An exhibition three years in the making by a group of up to 60 members of a voluntary research group opens at Turner Contemporary tomorrow (February 3).
Journeys with The Waste Land is a striking combination of historic and modern art exploring poet TS Eliot and his work The Waste Land.
In 1921 Eliot spent a few weeks in Margate at a crucial moment in his career. He arrived physically and mentally exhausted and worked on his poem The Waste Land while sitting in the Nayland Rock shelter on the sea front.
The poem was published the following year and soon became recognised as one of the most important works to be produced in that fractured post Great War period.
The research group, made up of experts in literature and art and of community members interested for a variety of creative reasons, were at the forefront of compiling and creating the exhibition, which is displayed throughout Turner Contemporary’s gallery spaces.
The end result is almost 100 objects from more than 60 artists responding to elements or themes within the poem.
Works range from the beautiful Edward Hopper oil painting Night Windows, on loan from The Museum of Modern Art in New York, to copies of TS Eliot’s poem, with annotations, and modern works including Vibeke Tandberg’s The Waste Land collages and Cy Twombly’s stunning set of Quattro Stagioni canvases.
Turner Contemporary director Victoria Pomery said: “The idea of this show came about because TS Eliot wrote part of The Waste land here in Margate. It was always a huge fascination to me that he had come to Margate.
“Mike Toomby came up with the proposal to create the show and it was actually created by a range of people from our research group of between 20 and 60 people.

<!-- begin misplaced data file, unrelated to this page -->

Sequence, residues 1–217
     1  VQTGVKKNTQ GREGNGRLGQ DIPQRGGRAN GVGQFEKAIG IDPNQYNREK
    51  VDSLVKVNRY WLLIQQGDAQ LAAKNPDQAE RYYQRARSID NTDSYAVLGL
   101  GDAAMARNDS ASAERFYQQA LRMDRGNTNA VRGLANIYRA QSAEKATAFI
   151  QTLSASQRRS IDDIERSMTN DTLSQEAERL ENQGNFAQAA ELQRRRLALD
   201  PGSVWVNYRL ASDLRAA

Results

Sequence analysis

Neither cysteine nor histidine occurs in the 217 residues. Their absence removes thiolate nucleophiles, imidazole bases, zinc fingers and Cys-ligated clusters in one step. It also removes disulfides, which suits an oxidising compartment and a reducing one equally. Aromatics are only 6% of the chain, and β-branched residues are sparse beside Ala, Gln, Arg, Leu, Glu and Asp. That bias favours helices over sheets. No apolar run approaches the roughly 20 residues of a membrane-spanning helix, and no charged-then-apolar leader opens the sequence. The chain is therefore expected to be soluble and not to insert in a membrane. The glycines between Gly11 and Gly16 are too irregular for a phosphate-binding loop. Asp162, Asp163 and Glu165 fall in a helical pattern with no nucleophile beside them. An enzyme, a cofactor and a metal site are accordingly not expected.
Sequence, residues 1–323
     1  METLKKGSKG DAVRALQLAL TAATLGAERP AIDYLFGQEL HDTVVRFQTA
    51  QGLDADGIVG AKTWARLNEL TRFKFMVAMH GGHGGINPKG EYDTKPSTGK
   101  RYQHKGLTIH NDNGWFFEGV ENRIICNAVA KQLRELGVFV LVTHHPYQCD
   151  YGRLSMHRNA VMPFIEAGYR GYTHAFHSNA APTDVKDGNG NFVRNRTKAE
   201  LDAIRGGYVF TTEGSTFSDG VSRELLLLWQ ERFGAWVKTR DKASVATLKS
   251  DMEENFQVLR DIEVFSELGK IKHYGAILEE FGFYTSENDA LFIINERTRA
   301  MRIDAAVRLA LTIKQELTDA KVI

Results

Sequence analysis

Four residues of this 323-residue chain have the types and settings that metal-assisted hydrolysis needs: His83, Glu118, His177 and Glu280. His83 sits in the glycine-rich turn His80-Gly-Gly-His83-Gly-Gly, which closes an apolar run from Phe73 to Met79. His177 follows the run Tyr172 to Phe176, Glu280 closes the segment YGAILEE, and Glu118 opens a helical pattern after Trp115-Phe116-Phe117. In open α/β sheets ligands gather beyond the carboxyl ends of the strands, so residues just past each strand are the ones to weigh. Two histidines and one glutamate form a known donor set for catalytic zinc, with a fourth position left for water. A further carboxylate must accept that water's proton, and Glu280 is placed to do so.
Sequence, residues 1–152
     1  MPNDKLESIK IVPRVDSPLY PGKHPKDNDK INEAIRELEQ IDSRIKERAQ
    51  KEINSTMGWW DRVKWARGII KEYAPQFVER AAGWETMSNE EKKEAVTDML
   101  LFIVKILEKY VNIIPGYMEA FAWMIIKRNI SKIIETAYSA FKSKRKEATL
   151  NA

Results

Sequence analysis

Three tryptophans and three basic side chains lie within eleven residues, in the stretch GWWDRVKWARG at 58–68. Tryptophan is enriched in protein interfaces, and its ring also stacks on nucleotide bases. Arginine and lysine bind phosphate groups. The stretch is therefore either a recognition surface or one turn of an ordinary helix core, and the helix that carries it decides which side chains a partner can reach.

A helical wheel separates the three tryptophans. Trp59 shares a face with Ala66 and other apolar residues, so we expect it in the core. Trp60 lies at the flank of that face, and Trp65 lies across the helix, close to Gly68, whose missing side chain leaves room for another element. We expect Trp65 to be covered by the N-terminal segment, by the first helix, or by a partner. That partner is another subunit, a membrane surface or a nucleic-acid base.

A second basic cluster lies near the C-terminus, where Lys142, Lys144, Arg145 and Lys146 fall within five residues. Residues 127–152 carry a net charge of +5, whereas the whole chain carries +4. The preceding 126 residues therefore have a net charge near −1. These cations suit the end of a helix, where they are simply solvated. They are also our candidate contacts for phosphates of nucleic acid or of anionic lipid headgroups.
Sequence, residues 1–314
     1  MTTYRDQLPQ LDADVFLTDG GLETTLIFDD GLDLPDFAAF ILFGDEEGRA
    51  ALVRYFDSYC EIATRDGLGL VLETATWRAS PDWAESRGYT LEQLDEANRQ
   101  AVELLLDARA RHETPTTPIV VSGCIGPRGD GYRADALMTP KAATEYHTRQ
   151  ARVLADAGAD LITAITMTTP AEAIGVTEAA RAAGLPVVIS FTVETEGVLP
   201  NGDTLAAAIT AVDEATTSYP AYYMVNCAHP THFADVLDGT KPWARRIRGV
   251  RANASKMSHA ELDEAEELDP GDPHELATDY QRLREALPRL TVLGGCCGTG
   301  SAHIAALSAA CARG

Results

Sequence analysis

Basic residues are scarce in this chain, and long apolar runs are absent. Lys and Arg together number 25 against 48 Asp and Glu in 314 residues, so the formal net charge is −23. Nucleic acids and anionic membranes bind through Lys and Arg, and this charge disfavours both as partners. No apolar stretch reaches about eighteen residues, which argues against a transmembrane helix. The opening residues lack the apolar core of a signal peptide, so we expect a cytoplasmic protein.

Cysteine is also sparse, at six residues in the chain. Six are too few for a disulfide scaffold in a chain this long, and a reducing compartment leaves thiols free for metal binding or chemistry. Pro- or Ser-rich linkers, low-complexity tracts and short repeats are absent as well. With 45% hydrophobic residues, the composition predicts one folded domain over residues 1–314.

“People came in and out of the project and worked over three years. What they really wanted to do was get under the skin of the poem and to understand how to make the exhibition innovative and different and reflect a variety of voices through the visual arts.
“They curated the show and Turner Contemporary stood back, it was a very unnerving process, slightly daunting, but very exciting.
“This group of individuals have given so much time.
“The result is an amazing array of wonderful art works.”
The works are a combination of many formats, from black and white photography to the voyeurism of Hopper’s peek into someone’s privacy in Night Windows, a bold chess style installation by Barbara Kruger and the striking Twombly canvases stood in a gallery that also houses a tree.
Powerful paintings looking at a vulnerable and private moment in time for the female subjects stand alongside Marcel Duchamp’s ‘Playing Chess with Tracey’,masks produced for The Tempest and film from Carey Young Lines.
A guide notes the research group’s reasons for including each piece and how they see the link with The Waste Land poem.
The celebration of TS Eliot and The Waste Land involves some 30 separate exhibions and events around Margate.
Journeys with The Waste Land opens to the public tomorrow (February 3) and runs until May 7
A preview takes place tonight (February 2) at 6pm. Tickets can be booked here